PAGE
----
Hello and Why in the world did I talk to a dietician?

(Sonya Williams-Pratt) #23

What you said ‘I sea-kayaked 62 miles’ - what I heard ‘I went to the moon and back’ Lol. That’s about how close i could come to ever doing something like that. Just wow.

(Jane) #24

I laughed at that. Not you. The company program.

I joined our own “weight loss” program just to get the freebies (nice scales!) and then ignored all the standard dietary diatribe. I hadn’t found keto yet but I KNEW their advice and methods were crap.

Been there. Done that. Have the t-shirt and extra fat pads to show for it.


I don’t know why, but I made an appointment with one next month

(BuckRimfire) #26

Thanks. I wish I could brag that it was nothing, but that would be false…

Minute by minute it was easy, except in the first hour or so when a headwind made for some substantial effort and some entertainingly bumpy water. After that it was a beautiful, calm day, but there were so many minutes that I think I was still a bit tired three days later, and my right forearm was a bit stiff most of the fall!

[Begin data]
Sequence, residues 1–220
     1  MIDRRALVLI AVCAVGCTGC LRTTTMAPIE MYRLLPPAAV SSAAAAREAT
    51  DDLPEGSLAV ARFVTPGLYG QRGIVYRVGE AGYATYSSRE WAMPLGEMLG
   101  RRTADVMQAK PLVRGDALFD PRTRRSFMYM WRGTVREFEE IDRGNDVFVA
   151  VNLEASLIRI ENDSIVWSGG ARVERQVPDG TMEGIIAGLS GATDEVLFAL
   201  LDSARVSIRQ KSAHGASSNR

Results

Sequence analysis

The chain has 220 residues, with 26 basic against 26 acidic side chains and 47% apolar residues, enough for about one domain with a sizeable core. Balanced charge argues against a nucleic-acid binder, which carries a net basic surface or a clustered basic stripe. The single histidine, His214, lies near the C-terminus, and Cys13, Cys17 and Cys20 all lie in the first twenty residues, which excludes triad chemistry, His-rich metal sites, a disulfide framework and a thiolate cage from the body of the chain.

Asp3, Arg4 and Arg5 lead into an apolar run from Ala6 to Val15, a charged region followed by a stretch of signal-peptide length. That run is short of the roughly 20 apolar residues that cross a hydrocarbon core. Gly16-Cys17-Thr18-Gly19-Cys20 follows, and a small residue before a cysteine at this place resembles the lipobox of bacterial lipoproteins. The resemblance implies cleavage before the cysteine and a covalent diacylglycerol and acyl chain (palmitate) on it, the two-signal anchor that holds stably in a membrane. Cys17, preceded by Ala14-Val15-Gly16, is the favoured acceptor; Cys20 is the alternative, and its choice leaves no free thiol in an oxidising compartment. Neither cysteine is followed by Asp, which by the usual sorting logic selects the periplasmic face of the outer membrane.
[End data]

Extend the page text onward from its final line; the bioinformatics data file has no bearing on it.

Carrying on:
More here, with some photos:

(BuckRimfire) #27

I started in 1995, and while I wouldn’t claim that I train hard, I’ve put in a fair number of miles each year, or at least most years. Endurance isn’t something that happens overnight…

Compare my tiny efforts to Freya Hoffmeister’s! She’s paddled all the way around Australia, all the way around South America, and is circling North America now. A friend of mine got to paddle with her in Mexico for about 10 days a few months ago.

(Butter Withaspoon) #28